Out of nine U.S. technology firms contacted by The Intercept earlier this month, only one — Twitter — would rule out participating in the creation of a national Muslim registry, something Donald Trump has floated as a possibility. On Monday, 22 advocacy groups sent a letter to the other eight companies, urging them to take a stand.
The letter is signed jointly by a coalition including major progressive and human rights organizations: CREDO, Muslim Advocates, Color of Change, Courage Campaign, Democracy for America, #AllOfUs, Amnesty International USA, Asian Law Caucus, Bend the Arc Jewish Action, Center for Constitutional Rights, Center for Media Justice, Daily Kos, Demand Progress, Desis Rising Up and Moving, Faithful America, Fight for the Future, Free Press, Mijente, MPower Change, Presente, Sum of Us, Ultraviolet. Below is the version of the letter sent to Google. Copies are also being sent to Microsoft, IBM, Facebook, Booz Allen Hamilton, SRA International, CGI, and Apple.
Sundar Pichai, CEO Google
1600 Amphitheatre Pkwy Mountain View, CA 94043
December 12, 2016
Dear Mr. Pichai,
Google is a company that prides itself on championing diversity, fairness and inclusion. In the spirit of that commitment, we, the undersigned advocacy organizations, write to express grave concern regarding your failure to unequivocally respond to inquiries from The Intercept regarding participation in the creation of a registry for Muslim immigrants.
In November, the online publication The Intercept requested a response to the following question:
“Would Google, if solicited by the Trump administration, sell any goods, services, information, or consulting of any kind to help facilitate the creation of a national Muslim registry, a project which has been floated tentatively by the president-elect’s transition team?”
While Twitter answered with an unequivocal no, Google failed to respond.
On behalf of 22 groups representing more than 35 million people, we are calling on you to do better.
The creation of a registry of Muslims in the United States is one of President-elect Trump’s most chilling proposals. Within just two weeks of the election, a member of the Trump transition team was photographed carrying a document entitled “Plan for First 365 Days,” which listed an updated registration program as one of his top priorities. The author of the document, Kris Kobach, was the architect of the National Security Entrance Exit Registration System, or NSEERS, a registration program targeting primarily Muslims on non-immigrant visas shortly after 9/11.
Under the guise of preserving national security, proponents of NSEERS claimed the program was necessary. However, not a single person on the registry was convicted of a terrorism-related crime. In reality, NSEERS was a program that profiled Muslims, subjected many of them to detention and deportation, and damaged their communities. In only the first year of the program, the government started deportation proceedings for more than 13,000 people.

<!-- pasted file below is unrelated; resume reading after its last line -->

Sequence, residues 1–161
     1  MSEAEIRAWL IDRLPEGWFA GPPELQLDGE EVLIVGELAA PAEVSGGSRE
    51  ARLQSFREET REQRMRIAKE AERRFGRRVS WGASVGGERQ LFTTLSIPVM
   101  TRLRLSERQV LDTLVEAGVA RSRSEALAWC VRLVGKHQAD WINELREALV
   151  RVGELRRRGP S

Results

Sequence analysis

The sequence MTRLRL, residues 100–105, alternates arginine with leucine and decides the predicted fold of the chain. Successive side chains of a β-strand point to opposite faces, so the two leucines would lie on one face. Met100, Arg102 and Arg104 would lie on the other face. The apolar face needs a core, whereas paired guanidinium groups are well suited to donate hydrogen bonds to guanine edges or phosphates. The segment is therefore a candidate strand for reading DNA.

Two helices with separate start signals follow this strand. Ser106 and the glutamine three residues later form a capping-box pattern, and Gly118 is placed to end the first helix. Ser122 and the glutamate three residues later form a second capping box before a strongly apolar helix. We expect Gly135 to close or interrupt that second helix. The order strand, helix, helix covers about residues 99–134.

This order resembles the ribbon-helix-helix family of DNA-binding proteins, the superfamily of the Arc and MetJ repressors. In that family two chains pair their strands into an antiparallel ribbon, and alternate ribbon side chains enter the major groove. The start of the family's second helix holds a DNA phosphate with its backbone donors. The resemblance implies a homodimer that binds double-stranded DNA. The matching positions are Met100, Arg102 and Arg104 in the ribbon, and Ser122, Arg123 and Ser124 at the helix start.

This is not about politics. Government targeting of individuals based on religion and ethnicity violates the Constitution and our core values as a country. It also threatens millions of people.
We believe it is a great sign of corporate responsibility and common decency for corporations to ensure their resources are not used to support bigotry and discrimination. An important first step would be for Google to publicly refuse to help build a Muslim registry.
CREDO, Muslim Advocates, Color of Change, Courage Campaign, Democracy for America, #AllOfUs, Amnesty International, Asian Law Caucus, Bend the Arc Jewish Action, Center for Constitutional Rights, Center for Media Justice, Daily Kos, Demand Progress, Desis Rising Up and Moving, Faithful America, Fight for the Future, Free Press, Mijente, MPower Change, Presente, Sum of Us, Ultraviolet
Susan Molinari, Vice-President, Government Relations
Juniper Downs, Senior Counsel, Public Policy & Government Relations
As of Monday, Twitter is still the only company we reached that was willing to speak out against the possibility of registering Muslims in the United States — an enormous task that would surely require the help of technology contractors. Farhana Khera, executive director of the legal defense group Muslim Advocates, told The Intercept she believes these companies have an obligation to respond. “We now have a president-elect who has called for registering Muslims and the monitoring of an entire community of Americans based simply on their faith,” she said. “More than ever, we need these companies to be clear about what they will do to protect the vast amount of information they already collect on the public every millisecond of every day and to be clear that they will not participate in unconstitutional and undemocratic activities of the U.S. government.”
Google and Facebook indicated that they were working on a response, though we have not received one yet. The other companies have simply refused to answer.